How to Make Vegetable Stock

Learn how to make vegetable stock! Perfect for using in soups, sauces, risottos, and more, this homemade broth is super flavorful and easy to make.

How to make vegetable stock

The other day, I was making vegetable stock with veggie odds and ends I’d accumulated throughout the week. As I stood in the kitchen, savoring the delicious aroma wafting from my stock pot, I realized that I had yet to share my method for how to make vegetable broth on the blog. I have over 80(!!) soup recipes on here, and another soup season is right around the corner. Suffice it to say, this vegetable stock recipe is long overdue.

I’m so excited to share it today because I believe that vegetable stock is something that everyone can and should make at home. It’s unbelievably easy and cheap, and it tastes SO much better than any broth you’d find at the store. Don’t worry – I’ll never blame you for reaching for store bought broth when that’s the most convenient option (I still use it sometimes too!). But whenever you do make your own, the extra time and effort will always be worth it.

Leeks, onions, bay leaves, celery, carrots, garlic, parsley, and thyme

Vegetable Stock Recipe Ingredients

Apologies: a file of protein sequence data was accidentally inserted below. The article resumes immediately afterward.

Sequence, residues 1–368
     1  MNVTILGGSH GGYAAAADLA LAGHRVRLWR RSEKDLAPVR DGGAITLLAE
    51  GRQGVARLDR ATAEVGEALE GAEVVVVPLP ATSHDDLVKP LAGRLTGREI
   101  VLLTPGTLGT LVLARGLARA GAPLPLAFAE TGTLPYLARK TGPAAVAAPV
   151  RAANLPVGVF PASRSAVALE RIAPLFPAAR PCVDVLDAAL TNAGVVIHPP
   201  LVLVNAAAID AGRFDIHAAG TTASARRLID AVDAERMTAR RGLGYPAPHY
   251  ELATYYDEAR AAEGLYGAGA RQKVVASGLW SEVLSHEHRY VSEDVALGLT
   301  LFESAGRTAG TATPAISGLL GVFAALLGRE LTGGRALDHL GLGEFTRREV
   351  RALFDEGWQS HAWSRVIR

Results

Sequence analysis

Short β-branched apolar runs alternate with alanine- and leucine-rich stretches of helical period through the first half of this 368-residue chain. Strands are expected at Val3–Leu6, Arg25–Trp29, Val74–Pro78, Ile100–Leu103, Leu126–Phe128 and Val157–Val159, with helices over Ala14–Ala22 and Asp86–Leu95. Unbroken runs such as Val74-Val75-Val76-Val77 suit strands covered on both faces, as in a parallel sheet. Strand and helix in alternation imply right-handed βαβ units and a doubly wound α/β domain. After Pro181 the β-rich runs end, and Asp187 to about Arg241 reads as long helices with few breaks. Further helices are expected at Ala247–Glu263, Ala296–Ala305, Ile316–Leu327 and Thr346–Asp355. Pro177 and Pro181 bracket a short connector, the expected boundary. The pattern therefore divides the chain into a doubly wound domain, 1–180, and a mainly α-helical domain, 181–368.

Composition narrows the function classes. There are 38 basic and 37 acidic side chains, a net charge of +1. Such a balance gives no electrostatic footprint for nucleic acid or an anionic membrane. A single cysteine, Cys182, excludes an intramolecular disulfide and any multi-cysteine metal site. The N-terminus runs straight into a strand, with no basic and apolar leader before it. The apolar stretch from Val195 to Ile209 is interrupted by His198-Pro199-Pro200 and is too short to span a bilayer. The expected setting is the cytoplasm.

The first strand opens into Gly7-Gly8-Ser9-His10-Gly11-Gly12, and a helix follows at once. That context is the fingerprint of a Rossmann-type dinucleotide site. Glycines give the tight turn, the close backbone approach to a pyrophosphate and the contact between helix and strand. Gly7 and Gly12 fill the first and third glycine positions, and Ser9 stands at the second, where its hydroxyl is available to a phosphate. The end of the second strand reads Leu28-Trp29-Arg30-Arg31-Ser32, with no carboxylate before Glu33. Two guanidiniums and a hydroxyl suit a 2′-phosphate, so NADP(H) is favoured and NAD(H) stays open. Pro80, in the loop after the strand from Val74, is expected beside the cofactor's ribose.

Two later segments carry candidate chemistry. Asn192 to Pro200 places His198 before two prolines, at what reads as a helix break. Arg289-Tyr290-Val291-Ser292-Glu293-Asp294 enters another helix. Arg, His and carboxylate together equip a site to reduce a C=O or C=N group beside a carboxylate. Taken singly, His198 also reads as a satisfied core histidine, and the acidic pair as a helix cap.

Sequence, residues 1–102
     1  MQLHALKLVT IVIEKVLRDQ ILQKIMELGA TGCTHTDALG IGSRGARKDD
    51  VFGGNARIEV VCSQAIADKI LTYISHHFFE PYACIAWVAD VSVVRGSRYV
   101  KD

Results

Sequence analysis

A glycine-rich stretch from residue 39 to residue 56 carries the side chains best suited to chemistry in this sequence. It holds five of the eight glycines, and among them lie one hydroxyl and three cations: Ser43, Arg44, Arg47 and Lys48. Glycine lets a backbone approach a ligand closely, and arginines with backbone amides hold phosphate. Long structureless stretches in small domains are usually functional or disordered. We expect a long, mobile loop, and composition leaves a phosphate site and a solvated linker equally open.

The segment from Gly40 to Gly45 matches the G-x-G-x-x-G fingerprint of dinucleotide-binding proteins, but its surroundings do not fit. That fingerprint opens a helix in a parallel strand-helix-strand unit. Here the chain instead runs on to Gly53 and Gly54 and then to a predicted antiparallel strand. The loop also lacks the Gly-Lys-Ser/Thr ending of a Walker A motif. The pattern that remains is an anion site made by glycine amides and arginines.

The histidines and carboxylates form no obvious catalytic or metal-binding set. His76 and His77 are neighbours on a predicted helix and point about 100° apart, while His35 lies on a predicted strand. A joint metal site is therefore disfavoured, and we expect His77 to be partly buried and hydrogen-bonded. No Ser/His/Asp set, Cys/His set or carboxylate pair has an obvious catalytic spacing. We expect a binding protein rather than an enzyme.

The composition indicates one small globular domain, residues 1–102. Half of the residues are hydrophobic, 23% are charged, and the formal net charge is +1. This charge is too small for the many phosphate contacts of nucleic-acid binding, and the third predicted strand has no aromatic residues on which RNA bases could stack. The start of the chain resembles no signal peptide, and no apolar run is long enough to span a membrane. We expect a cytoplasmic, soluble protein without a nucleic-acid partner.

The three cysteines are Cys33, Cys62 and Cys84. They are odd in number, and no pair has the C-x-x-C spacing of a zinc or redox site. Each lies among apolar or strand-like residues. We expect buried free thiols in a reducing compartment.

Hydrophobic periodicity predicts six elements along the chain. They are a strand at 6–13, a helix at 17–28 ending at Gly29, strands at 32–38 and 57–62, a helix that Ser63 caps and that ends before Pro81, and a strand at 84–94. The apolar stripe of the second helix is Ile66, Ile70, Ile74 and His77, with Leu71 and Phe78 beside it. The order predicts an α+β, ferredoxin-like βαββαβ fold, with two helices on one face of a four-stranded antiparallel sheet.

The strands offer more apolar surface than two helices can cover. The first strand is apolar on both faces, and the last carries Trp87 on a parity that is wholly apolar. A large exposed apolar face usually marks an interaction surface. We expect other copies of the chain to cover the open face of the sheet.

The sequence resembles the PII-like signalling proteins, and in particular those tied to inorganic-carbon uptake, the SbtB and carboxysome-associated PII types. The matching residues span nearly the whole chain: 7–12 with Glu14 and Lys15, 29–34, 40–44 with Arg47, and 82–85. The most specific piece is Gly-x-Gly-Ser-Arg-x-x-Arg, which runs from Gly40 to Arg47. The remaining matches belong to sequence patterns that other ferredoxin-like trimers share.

I have two methods for how to make vegetable broth. The first starts with fresh, aromatic veggies. I use

  • onions,
  • garlic,
  • carrots,
  • celery,
  • and herbs like thyme and parsley.

Then, to give the broth even more depth of flavor, I add salt, whole peppercorns, leek tops, and bay leaves.

Vegetable scraps on a cutting board with knife

In the second method, I use vegetable scraps instead of the vegetables themselves. This method keeps these veggie odds and ends from going to waste, and it yields a super tasty broth. As it turns out, the parts of vegetables that we normally toss are actually packed with flavor.

All sorts of scraps can contribute to a flavorful stock. Here are a few that work especially well:

  • leek tops,
  • fennel fronds,
  • carrot tops,
  • herb stems,
  • corn cobs,
  • mushroom stems,
  • scallion roots or tops,
  • onion skins and ends,
  • and garlic skins and ends.

Steer clear of veggie scraps from cruciferous vegetables like broccoli, cabbage, or cauliflower, as they can make your stock bitter.

Tip: Keep a freezer bag or container of veggie scraps in your freezer and add to it whenever you cook. When you have about 6 cups of frozen scraps, it’s time to make veggie stock!

How to make vegetable broth - chopped veggies in a large pot with water

How to Make Vegetable Broth

Whether you’re using whole vegetables or vegetable scraps, making homemade vegetable broth is incredibly easy.